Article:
A. Got to go on some interesting hunts and do some interesting things that otherwise would not have been possible
B. Did receive extended public exposure on the radio
C. Video production resulted in TV offers
D. Helping to solidify personal relations with sponsors resulting in ad placement in books
E. Interesting life experiences out of the house moving and doing
What benefit is this to YOU?
My experiences in producing inventive radio programs are best used as a sampler to help potential host/producers decide what kind of radio that they wish to do or what new things that they might add to existing formats.
I produced at least 12 different types of shows, each of which could be a format for your own radio program. Rather than change-up every week, pick a particular type of program and stick to it. All of my programs are still available on WebTalkRadio.net and Apple iTunes. The best way to get to them is to go to my www.hoveysoutdooradventures.wordpress.com blog, read the outline of the shows and use the link to go to my WebTalkRadio.net show page and bring then up using the archived shows tab.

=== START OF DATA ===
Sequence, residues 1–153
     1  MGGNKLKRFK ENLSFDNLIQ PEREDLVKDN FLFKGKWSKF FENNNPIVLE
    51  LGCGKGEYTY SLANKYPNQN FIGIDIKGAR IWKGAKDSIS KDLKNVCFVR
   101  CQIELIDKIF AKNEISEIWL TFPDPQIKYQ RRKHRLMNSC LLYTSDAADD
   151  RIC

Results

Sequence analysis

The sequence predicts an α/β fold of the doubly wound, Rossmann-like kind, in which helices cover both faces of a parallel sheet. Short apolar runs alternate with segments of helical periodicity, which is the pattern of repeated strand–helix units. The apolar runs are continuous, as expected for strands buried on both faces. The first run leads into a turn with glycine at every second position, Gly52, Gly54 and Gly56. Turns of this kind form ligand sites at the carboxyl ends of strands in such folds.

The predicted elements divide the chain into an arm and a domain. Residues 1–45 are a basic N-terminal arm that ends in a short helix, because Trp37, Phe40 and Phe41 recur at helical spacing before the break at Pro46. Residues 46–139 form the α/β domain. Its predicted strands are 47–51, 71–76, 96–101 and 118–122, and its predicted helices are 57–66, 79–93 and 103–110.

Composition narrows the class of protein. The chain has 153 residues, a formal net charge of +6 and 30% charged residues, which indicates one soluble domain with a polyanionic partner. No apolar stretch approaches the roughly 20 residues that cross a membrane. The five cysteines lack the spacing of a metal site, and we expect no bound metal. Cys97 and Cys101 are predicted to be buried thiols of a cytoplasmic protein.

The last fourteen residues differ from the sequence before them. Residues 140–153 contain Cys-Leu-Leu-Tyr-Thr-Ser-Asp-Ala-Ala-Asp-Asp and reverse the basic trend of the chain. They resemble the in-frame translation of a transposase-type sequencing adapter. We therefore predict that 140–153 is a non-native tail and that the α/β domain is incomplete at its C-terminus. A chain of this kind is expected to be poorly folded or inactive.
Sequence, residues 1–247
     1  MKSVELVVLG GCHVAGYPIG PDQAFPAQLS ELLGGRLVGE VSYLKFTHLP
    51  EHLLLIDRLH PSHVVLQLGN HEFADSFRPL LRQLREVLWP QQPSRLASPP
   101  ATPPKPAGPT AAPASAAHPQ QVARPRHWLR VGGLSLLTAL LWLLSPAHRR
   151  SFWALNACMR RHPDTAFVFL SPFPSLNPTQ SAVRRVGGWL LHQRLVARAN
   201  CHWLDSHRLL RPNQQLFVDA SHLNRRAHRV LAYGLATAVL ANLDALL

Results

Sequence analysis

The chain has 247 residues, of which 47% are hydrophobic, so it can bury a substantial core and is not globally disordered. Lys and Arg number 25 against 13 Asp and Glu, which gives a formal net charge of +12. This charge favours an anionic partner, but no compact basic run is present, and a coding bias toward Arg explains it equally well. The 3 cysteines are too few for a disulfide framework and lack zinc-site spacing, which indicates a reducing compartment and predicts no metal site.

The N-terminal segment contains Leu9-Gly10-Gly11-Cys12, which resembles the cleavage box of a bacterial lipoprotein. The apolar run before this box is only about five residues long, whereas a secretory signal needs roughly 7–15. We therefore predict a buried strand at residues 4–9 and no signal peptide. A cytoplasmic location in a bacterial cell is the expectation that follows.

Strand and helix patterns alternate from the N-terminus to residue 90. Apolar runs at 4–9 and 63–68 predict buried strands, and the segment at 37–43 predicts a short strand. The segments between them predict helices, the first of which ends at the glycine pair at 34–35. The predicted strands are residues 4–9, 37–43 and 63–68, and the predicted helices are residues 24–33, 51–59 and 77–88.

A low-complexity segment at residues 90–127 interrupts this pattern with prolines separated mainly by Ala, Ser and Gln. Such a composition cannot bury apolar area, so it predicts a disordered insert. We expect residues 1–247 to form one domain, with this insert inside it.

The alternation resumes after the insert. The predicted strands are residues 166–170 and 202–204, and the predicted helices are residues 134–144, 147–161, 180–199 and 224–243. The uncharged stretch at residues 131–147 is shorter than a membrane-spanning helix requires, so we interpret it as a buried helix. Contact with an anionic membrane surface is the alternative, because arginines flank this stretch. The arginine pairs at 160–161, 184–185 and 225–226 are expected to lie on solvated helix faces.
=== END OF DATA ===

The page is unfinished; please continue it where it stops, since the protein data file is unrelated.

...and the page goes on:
Trade show/convention programs. These shows which might run two consecutive one-hour episodes consisted of coverage of the annual Shot and Blade shows in Las Vegas and Atlanta and such a show-based program might also include the annual conventions of the NRA, NWTF, QDMA and many other outdoor organizations which could fill out a full year of weekly programs. This would be particularly valuable to potential sponsors if supplemented with blogs and videos.
These are technically very difficult shows to record, video, write up and produce – especially as a one-man production.
Examples of such coverage are Hovey’s Outdoor Adventures shows on Nov. 11, 2010; Feb. 23, 2011; June 15, 2011; June 21, 2011; Aug. 11, 2011; Oct. 3, 2011; Jan. 25, 2012; Feb. 13, 2012; Apr. 22, 2012; Apr. 30, 2012; June 14, 2012; Aug. 19, 2012; and Feb. 2, 2013.
Hunting stories are usually thought of as the exclusive territory of visual media, but these also work as radio programs. Shows were of my hunts or with/about others describing their hunts. I featured variety with hunts using muzzleloading guns, pistols, rifles, bows and crossbows. These hunts were also worked in other shows and the hunts given as an examples.
Some of these shows were on: Nov. 30, 2010; Dec.10, 2010, Jan. 4, 2011; Jan. 11, 2011; Feb. 1, 2011, Feb. 8, 2011; Feb. 15, 2011; Mar. 8, 2011; April 4, 2011; July 18, 2011; Sept. 5, 2011; Nov. 1, 2011; Dec. 5, 2011; Jan. 9, 2012; Jan. 23, 2012; March 5, 2012; April 2, 2012; July 16, 2012; Sept. 17, 2012; Oct. 2, 2012; Dec. 21, 2012; Jan. 7, 2013; and Feb. 4, 2013.
Memorable shows were “Blunderbuss Swan Hunt on North Carolina’s Outer Banks, Feb. 4, 2013;” “Muzzleloading Hunts on Georgia’s Ossabaw and CumberlandIslands, Jan. 7, 2013;” “Larry Weishuhn Hunts Africa and Asia, Sept. 17, 2012; “Hunting Spring Hogs and Turkeys, April 2, 2012 and “The Naked Truth about Snipe Hunting, March 5, 2012.